|Olympus E-520||87/100||+ +||4.5/5||4/5||4.5/5||May 2008||699|
|Olympus E-410||86/100||+ +||4/5||o||4.5/5||Mar 2007||699|
|Olympus E-400||85/100||..||4/5||..||4/5||Sep 2006||699|
|Olympus E-500||76/100||+ +||..||..||..||Sep 2005||599|
|Panasonic S5||+ +||..||4.5/5||..||4.5/5||Sep 2020||1,999|
|Panasonic S1||+ +||88/100||4.5/5||..||4/5||Feb 2019||2,499|
|Panasonic S1H||..||90/100||..||..||..||May 2019||3,999|
|Panasonic L10||85/100||+||3.5/5||o||4/5||Aug 2007||599|
|Notes: (+ +) highly recommended; (+) recommended; (o) reviewed; (..) not available.|
The above review scores should be interpreted with care, though. The assessments were made in relation to similar cameras of the same technological generation. Thus, a score needs to be put into the context of the launch date and the launch price of the camera, and comparisons of ratings among very different cameras or across long time periods have little meaning. Also, kindly note that some of the listed sites have over time developped their review approaches and their reporting style.
Other camera comparisons
Did this review help to inform your camera decision process? In case you would like to check on the differences and similarities of other camera models, just make your choice using the following search menu. There is also a set of direct links to comparison reviews that other users of the CAM-parator app explored.
- Canon 1D Mark III vs Sigma fp
- Canon G9 X vs Sigma fp
- Canon M6 vs Olympus E-510
- Canon T1i vs Sigma fp
- Fujifilm GFX 50R vs Sigma fp
- Leica Q2 vs Olympus E-510
- Nikon 1 J5 vs Sigma fp
- Nikon D5300 vs Olympus E-510
- Olympus E-510 vs Sony NEX-6
- Olympus E-510 vs Sony RX10
- Olympus E-510 vs Sony RX100 III
- Olympus E-P5 vs Sigma fp
Specifications: Olympus E-510 vs Sigma fp
Below is a side-by-side comparison of the specs of the two cameras to facilitate a quick review of their differences and common features.
|Camera Model||Olympus E-510||Sigma fp|
|Camera Type||Digital single lens reflex||Mirrorless system camera|
|Camera Lens||Four Thirds lenses||Leica L mount lenses|
|Launch Date||March 2007||July 2019|
|Launch Price||USD 799||USD 1,899|
|Sensor Specs||Olympus E-510||Sigma fp|
|Sensor Format||Four Thirds Sensor||Full Frame Sensor|
|Sensor Size||17.3 x 13.0 mm||35.9 x 23.9 mm|
|Sensor Area||224.9 mm2||858.01 mm2|
|Sensor Diagonal||21.6 mm||43.1 mm|
|Sensor Resolution||10 Megapixels||24 Megapixels|
|Image Resolution||3648 x 2736 pixels||6000 x 4000 pixels|
|Pixel Pitch||4.74 μm||5.98 μm|
|Pixel Density||4.44 MP/cm2||2.80 MP/cm2|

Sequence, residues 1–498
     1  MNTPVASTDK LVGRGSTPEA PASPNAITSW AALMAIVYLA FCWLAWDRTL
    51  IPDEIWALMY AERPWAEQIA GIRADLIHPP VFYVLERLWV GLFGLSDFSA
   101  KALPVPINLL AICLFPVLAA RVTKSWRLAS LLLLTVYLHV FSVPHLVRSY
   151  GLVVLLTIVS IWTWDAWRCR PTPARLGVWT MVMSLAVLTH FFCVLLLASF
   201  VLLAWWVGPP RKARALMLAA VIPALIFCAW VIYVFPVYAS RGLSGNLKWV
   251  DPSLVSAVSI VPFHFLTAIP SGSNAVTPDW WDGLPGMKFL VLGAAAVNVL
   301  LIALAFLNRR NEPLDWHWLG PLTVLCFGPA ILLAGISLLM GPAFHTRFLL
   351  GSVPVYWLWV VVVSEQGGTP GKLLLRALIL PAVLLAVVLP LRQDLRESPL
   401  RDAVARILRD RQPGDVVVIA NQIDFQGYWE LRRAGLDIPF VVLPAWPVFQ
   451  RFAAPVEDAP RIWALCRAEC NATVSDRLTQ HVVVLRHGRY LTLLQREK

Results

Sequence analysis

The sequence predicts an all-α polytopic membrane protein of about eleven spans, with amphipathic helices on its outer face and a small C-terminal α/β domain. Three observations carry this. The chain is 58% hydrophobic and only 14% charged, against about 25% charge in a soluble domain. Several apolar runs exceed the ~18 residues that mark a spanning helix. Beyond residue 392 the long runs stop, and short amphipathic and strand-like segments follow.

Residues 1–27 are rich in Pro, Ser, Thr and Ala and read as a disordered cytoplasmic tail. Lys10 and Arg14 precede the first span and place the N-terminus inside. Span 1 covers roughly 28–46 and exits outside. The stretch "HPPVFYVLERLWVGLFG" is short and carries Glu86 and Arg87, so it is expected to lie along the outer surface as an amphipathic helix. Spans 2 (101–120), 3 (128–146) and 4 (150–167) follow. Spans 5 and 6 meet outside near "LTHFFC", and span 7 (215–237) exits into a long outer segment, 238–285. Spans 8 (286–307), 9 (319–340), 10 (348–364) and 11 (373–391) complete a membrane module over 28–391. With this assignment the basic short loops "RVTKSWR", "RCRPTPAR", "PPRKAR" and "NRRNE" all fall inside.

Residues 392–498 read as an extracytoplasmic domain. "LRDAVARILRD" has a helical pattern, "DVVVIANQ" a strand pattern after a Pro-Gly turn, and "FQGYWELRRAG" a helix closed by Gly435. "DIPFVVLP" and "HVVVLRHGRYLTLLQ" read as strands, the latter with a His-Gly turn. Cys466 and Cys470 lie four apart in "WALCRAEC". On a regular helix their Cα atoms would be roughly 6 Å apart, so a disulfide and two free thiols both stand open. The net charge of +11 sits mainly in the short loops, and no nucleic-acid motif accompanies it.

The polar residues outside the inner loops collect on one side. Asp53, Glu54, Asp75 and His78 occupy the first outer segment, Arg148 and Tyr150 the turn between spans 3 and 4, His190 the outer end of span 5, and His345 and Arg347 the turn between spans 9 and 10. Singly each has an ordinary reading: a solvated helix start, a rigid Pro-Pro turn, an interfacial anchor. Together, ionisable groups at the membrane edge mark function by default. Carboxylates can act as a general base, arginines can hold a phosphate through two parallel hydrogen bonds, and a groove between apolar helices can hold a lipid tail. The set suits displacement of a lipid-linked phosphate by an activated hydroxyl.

|Moiré control||Anti-Alias filter||no AA filter|
|Movie Capability||no Video||4K/30p Video|
|ISO Setting||100 - 1,600 ISO||100 - 25,600 ISO|
|ISO Boost||no Enhancement||6 - 102,400 ISO|
|DXO Sensor Quality (score)||52||..|
|DXO Color Depth (bits)||21.2||..|
|DXO Dynamic Range (EV)||10.0||..|
|DXO Low Light (ISO)||442||..|
|Screen Specs||Olympus E-510||Sigma fp|
|Viewfinder Type||Optical viewfinder||no viewfinder|
|Viewfinder Field of View||95%|
|LCD Framing||Live View||Live View|
|Rear LCD Size||2.5inch||3.2inch|
|LCD Resolution||215k dots||2100k dots|
|LCD Attachment||Fixed screen||Fixed screen|
|Touch Input||no Touchscreen||Touchscreen|
|Shooting Specs||Olympus E-510||Sigma fp|
|Focus System||Phase-detect AF||Contrast-detect AF|
|Manual Focusing Aid||no Peaking Feature||Focus Peaking|
|Max Shutter Speed (mechanical)||1/4000s||1/8000s|
|Continuous Shooting||3 shutter flaps/s||12 shutter flaps/s|
|Electronic Shutter||no E-Shutter||up to 1/8000s|
|Time-Lapse Photography||no Intervalometer||Intervalometer built-in|
|Image Stabilization||In-body stabilization||Lens stabilization only|
|Fill Flash||Build-in Flash||no On-Board Flash|
|Storage Medium||CF or XD cards||SDXC cards|
|Second Storage Option||Dual card slots||Single card slot|
|Connectivity Specs||Olympus E-510||Sigma fp|
|USB Connector||USB 2.0||USB 3.1|
|HDMI Port||no HDMI||micro HDMI|
|Microphone Port||no MIC socket||External MIC port|
|Wifi Support||no Wifi||no Wifi|
|Body Specs||Olympus E-510||Sigma fp|
|Environmental Sealing||not weather sealed||Weathersealed body|
|Battery Life (CIPA)||750 shots per charge||280 shots per charge|
|In-Camera Charging||no USB charging||USB charging|
136 x 92 x 68 mm
(5.4 x 3.6 x 2.7 in)
113 x 70 x 45 mm
(4.4 x 2.8 x 1.8 in)
|Camera Weight||538 g (19.0 oz)||422 g (14.9 oz)|